Masked Palestinians hurled flares at the security forces, who said they were trying to secure the plaza outside Islam’s third holiest shrine to stop what they said was a Palestinian attempt to disrupt visits to the compound on Jewish New Year.
The United States and U.N. Secretary-General Ban Ki-moon both voiced concern about the violence at the site, revered by Muslims as the Noble Sanctuary and by Jews as the Temple Mount.
King Abdullah from neighboring Jordan said the Israeli actions were provocative and could imperil ties between the countries, state media reported in Tuesday and Palestinian President Mahmoud Abbas condemned Israel’s actions.
Jordan’s Hashemite dynasty derives part of its legitimacy from its traditional custodianship of the holy site. “If this continues to happen … Jordan will have no choice but to take action,” King Abdullah, whose father King Hussein signed a peace treaty with Israel in 1994, was quoted as saying.
Palestinians fear that the increasing visits by Jewish groups to the site, captured by Israeli forces when they seized east Jerusalem and the rest of the West Bank in a 1967 war, are eroding Muslim religious control there.
Palestinian Presidency spokesperson Nabil Abu Rdeinah said Abbas and King Abdullah had discussed the events by phone. “(Israel’s) religious war will drag the region into endless fighting,” Abu Rdeinah said in a statement.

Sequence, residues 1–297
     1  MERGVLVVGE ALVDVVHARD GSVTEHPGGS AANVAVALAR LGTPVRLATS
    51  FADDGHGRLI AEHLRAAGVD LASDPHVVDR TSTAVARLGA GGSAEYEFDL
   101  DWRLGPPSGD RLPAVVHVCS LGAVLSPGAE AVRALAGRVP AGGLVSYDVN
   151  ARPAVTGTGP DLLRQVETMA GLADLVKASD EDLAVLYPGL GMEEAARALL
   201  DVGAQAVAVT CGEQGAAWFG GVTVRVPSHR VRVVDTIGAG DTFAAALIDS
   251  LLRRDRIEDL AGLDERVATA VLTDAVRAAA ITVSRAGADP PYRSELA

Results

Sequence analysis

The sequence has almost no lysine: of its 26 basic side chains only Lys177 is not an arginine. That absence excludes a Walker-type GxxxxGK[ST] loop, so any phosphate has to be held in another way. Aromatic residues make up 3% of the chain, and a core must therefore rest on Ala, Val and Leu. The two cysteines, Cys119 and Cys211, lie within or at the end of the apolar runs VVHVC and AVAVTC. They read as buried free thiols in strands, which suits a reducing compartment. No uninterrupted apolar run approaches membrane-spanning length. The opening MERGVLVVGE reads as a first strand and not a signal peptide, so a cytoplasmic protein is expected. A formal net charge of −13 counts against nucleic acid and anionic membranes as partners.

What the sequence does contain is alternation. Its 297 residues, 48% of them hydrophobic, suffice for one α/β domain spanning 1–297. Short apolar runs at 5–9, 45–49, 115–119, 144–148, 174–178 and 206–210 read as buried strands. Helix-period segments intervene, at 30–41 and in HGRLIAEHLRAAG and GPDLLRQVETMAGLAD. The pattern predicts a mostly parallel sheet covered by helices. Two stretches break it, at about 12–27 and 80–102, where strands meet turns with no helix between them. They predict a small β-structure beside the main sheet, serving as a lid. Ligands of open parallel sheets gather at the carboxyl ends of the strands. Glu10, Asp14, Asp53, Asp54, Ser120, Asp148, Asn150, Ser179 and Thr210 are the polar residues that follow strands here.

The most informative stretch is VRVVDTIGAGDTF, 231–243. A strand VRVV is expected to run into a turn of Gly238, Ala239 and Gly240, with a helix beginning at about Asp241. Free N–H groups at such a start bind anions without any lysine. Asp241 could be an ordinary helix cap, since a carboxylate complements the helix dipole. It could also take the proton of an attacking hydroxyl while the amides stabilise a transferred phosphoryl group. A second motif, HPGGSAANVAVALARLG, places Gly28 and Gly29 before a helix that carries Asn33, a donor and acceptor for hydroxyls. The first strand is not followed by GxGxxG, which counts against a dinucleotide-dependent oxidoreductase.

Israeli Prime Minister Benjamin Netanyahu was due to hold an emergency ministerial meeting late on Tuesday, called after an Israeli motorist died in a crash police said was caused by suspected stone-throwing.
Twenty-six Palestinians were injured on Tuesday, none of them seriously, the Director of the Palestinian Red Crescent emergency unit, Amin Abu Ghazaleh, said.
Israeli police spokeswoman Luba Samri said five officers were lightly wounded and two Palestinians were arrested.
Some stone throwing spread to other areas of the Old City, police and a witness said, with no injuries reported.
Jewish ultra-nationalists have been pushing the Israeli government to allow Jewish prayer on the compound outside al-Aqsa, which stands above Judaism’s Western Wall.
Such worship, certain to stir Muslim anger, has been banned on the plaza by Israel since 1967 and Netanyahu has said he would not allow any change to the religious status quo.
Clashes between Israeli police and Palestinian youths last erupted outside al-Aqsa in late July, on the annual Jewish day of mourning for Jerusalem’s two destroyed Biblical temples and in October as Muslim anger mounted at the presence of Jewish worshippers at the site over Jewish holidays.
In 2000 Ariel Sharon, then Israel’s opposition leader, visited the compound. That enraged Palestinians and sparked an uprising, or Intifada, also known as the Al-Aqsa Intifada. It continued for five years and left about 3,000 Palestinians and 1,000 Israelis dead.
Palestinians want East Jerusalem, annexed by Israel after the 1967 war, as the capital of a state they aspire to establish in the occupied West Bank and in the Gaza Strip.
Israel regards all of Jerusalem as its indivisible and eternal capital, a claim not recognized internationally. Peace talks between the sides collapsed in 2014.